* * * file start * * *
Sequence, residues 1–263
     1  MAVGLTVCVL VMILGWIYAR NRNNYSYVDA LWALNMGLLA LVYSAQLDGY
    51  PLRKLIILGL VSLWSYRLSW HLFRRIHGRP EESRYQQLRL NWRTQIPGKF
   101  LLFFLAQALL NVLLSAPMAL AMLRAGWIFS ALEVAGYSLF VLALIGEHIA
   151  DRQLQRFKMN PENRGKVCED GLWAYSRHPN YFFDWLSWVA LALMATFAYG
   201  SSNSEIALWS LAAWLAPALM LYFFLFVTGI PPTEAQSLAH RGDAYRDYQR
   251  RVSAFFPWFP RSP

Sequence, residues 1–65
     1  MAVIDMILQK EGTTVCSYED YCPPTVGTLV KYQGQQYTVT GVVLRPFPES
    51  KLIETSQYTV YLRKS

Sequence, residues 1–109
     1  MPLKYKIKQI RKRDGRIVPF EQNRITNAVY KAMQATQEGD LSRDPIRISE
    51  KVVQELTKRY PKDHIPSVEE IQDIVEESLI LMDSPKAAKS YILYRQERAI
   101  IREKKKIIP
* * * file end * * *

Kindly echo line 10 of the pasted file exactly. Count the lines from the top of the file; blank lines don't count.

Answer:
    51  KLIETSQYTV YLRKS